PC gaming is still alive and kicking.
Despite the rise of touchscreen mobile games and gaming consoles, PC gaming is not going quietly into the night.
A recent Global Games Market Report by games market research firm Newzoo estimated that PC gaming will generate 39 per cent of global gaming revenues this year, higher than the 36 per cent for consoles.
The next-generation consoles from Microsoft and Sony are based on the x86PC architecture, which makes it easier to port a console game to the PC platform. Hence, you can expect more games to be released simultaneously for both consoles and PCs.
Major game titles and franchises were often exclusive, or were launched first, on consoles. Mobile gaming has been booming with the explosive growth of mobile devices. The threat of piracy on the PC platform was often used as a reason not to develop games for it.
But with the current generation of consoles reaching their use-by dates, the perception has changed.
In addition, digital game distribution platforms, such as Steam and Origin, are also assuaging fears of piracy with their built-in digital rights management. Besides, there is probably less incentive to pirate a game knowing that it will be discounted in the next Steam sale a few months later.
"PC is still the platform of choice for many specific genres of games, such as real-time strategy (StarCraft II) and massively online role-playing games (World Of Warcraft)," saidMrMarcus Wee of Aftershock PC, a local company that sells custom gaming laptops.
These are all good reasons why your next gaming machine should be a PC. And more often than not, it would be a gaming laptop because it takes up less space than the desktop equivalent.
With new Intel Haswell processors and updated graphics chips from AMD and Nvidia, the latest gaming laptops are faster than before. Mobile graphics may not be as powerful as the desktop version, but they are becoming good enough for many gamers. For instance, graphics chipmaker Nvidia claims performance gains of up to 55percent for its new GeForce 700M graphics chips.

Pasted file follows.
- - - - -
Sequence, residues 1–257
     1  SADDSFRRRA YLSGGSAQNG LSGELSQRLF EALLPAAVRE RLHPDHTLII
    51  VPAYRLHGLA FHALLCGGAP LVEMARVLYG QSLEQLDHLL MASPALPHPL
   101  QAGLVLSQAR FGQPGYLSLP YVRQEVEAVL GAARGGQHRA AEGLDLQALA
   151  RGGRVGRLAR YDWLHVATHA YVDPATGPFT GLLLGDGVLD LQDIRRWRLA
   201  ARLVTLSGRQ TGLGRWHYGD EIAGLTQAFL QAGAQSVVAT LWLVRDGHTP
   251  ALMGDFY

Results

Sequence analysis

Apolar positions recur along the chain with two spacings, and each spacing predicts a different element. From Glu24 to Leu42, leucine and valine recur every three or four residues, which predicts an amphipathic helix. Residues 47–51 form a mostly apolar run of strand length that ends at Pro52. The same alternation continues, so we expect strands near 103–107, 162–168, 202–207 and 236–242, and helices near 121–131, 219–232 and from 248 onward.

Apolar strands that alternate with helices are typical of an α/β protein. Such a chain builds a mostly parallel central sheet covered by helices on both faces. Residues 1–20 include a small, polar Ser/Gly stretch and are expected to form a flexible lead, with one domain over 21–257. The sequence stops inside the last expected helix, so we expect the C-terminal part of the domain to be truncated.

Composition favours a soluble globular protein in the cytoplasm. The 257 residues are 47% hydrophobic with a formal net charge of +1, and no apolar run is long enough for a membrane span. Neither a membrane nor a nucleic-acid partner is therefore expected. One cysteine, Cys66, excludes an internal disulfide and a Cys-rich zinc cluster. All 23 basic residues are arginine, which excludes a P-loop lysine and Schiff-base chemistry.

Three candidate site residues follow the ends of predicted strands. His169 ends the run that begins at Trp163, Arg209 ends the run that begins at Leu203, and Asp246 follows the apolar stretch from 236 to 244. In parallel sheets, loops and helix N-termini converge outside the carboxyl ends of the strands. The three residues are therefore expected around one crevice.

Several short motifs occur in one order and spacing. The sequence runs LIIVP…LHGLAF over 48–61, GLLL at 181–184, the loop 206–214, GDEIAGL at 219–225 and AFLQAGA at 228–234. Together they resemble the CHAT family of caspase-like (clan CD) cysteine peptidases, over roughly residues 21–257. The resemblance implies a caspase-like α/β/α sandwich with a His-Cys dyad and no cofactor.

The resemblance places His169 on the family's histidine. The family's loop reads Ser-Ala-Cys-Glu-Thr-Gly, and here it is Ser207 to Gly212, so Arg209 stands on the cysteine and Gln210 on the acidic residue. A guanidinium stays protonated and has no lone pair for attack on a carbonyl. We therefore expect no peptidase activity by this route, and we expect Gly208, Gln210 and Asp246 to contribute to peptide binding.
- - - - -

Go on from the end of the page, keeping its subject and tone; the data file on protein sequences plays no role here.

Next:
Prices of gaming laptops have also fallen over the past two years. In 2011, 95per cent of gaming laptops with screens that were 17 inches or larger sold in Singapore cost $2,500 or more, according to market researcher GfK. The proportion declined to 36 per cent in the first half of this year. Three of the six gaming laptops in this round-up start from less than $2,500.
Consumers appear to be buying these affordable gaming laptops. In Singapore, sales of 17-inch gaming laptops in the first half of this year have increased fourfold from the same period last year, based on GfK data.
"Generally, consumers place performance-per-dollar as their top priority," said Mr Wee.
As laptops with 17-inch screens have become the standard for gaming, some of the new 17-inch models are starting to weigh less than 3kg. These machines are about as portable as 15-inch models and not much thicker. Two such gaming laptops from MSI and Razer are tested in this round-up.
Finally, there is the versatility that a laptop offers. With quad-core CPUs and dedicated graphics chips, gaming laptops are suited for heavy duty computing tasks such as video production.
So, if you are looking for an all-in-one computer that can serve double duty for both work and play, a gaming laptop looks like an excellent choice. Game on.